The Moncton Times Standard did the same propaganda hack job for its fourth report (attack) on NB civil servants and unions. Who are they writing it for? It certainly isn't for Premier Alward or his Minister of Finance. They both had their marching orders before the budget even came up for public discussion. These are two dogs who know their master.
They're writing the reports for you. They want to kill any criticism of the budget because it's the kind of budget corporations want. (which suggests that one editor, at least, must have been improperly informed about some contents of the budget.)
As usual, the report has a front page headline about the horrors of the civil service followed by a dash - and then the word "experts". As usual, the"experts" were chosen by the editors. It reminds me of my working days in China when I would wake up to news from The New China News Agency
There really isn't much of anything in this final "report". Well, it does have a touch of accidental humour. One of the "experts" says that if the civil service grows at the rate it has since 1990, it will reach 63,000 by the year. Wow! I have a kitten that has doubled its size in the past year. That means that if it continues growing at that rate, it will need the hockey arena to hold it by 2300. Something to think about.
1. the top headline is that a business group has rasied 2.5 million for a an events centre (which will cost far more that will\ have to come out of tax money, the same tax money we save by cutting the civil service and lose by lowering taxes on corporations.)
Well, the business group hasn't actually raised the money, though the headline and the first two paragraphs give the impression they have. They've promised to raise it.
The story doesn't doesn't say so but, since the cost is estimated at 72 million dollars, that probably includes the hockey rink. So, New Brunswick can't possibly maintain its present education budget or its government services - but $72 mil for a hockey rink and convention centre. No problemo.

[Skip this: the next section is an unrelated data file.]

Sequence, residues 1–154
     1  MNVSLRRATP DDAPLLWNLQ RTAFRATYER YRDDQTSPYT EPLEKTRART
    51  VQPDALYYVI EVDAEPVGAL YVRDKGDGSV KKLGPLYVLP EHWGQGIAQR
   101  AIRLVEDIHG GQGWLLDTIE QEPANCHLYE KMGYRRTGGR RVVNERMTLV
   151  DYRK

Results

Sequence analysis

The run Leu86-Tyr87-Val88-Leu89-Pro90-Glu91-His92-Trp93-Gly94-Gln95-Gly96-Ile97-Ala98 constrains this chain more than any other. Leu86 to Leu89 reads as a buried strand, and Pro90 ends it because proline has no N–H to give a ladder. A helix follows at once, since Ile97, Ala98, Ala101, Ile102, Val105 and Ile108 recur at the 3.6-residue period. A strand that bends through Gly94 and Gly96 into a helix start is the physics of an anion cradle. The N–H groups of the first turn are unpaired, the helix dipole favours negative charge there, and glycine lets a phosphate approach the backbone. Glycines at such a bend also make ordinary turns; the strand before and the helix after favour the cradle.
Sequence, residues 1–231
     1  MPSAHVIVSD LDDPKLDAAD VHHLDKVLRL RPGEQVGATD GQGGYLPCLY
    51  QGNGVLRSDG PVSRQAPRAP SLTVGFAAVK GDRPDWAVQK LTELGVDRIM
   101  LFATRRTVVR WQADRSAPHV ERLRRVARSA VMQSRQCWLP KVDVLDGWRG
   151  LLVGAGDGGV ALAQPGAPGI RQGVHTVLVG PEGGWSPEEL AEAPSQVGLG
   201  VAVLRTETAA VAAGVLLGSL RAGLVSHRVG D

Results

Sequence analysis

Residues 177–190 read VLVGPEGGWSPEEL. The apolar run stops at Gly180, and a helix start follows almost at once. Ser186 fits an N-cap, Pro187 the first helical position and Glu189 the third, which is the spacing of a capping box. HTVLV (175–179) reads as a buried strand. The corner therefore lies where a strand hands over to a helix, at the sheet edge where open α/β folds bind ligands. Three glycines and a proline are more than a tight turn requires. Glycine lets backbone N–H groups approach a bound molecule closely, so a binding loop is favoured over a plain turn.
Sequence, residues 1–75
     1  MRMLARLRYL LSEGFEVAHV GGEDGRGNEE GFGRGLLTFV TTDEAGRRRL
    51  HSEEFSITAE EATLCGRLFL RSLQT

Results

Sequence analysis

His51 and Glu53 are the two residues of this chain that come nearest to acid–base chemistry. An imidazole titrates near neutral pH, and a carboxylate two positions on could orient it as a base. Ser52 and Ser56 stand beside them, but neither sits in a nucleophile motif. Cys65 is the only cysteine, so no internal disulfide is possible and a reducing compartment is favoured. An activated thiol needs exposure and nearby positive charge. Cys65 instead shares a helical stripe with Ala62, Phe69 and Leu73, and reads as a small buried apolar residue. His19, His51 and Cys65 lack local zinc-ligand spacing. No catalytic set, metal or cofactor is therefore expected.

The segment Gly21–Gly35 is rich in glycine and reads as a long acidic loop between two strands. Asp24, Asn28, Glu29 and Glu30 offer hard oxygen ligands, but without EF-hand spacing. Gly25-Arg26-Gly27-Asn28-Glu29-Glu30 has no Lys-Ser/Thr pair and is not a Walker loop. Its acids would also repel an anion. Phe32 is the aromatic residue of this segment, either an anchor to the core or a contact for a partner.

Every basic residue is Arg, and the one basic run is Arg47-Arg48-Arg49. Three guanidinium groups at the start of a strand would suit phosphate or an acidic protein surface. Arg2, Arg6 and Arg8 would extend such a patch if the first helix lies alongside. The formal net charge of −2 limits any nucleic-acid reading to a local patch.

2, The editorial is the usual piece of self-righeous dim-wittedness. The WE SAY of this one, though, is hilarious."We must legislate a solution to public sector growth and greed." (The greed, it seems, refers to unions.)
Tell you what (Mr Cunningham?). See if you can develop the courage, professionalism and integrity to write a column on a legislative solution to private sector growth and greed. Have the integrity to examine just how much the the private sector takes from this province compared to what it gives back.
3.Viktor Pivarov, a photographer at the T&T got nominated for a national award for an excellent picture he got -one that took some courage as well as being on the spot. But read how the news is presented. It's at the bottom of the page with a big picture which I learned, to my relief, was not the nominated photo but a picture of somebody named Robert Warner who wrote the story.
Usually, a news story begins with a statement of what the news is. This one begins as the life story of Robert Warner (I have no idea why),then becomes a hymn of praise for New Brunswick's anglo newspapers. Victor Pivarov doesn't get a mention until paragraph seven. The rest of the story returns to the theme of the superb quality of the Irving press.
Get used to it, Pikarov. All news media work that way. I've won a half dozen or so awards for best of the year for Central Canada and for Canada as a whole for editorials on radio, and commentaries in print. I never even got to touch the awards. They were sent to the radio station or the newspaper with only the name of the media company on the award. The only way I could tell they were for me was the title of the winning item. In all cases, the award was to the station or the newspaper -and those awards still hang on their walls. I never got them.
Any time it was mentioned by the newspaper or radio station, it was always to show what a high class act THEY were. That's why the article by Robert Warner talks mostly about him and the Irving press. That's why the picture on the front page is of Robert Warner, and not of you or of the great picture you took.
Get used to it in the world of journalism.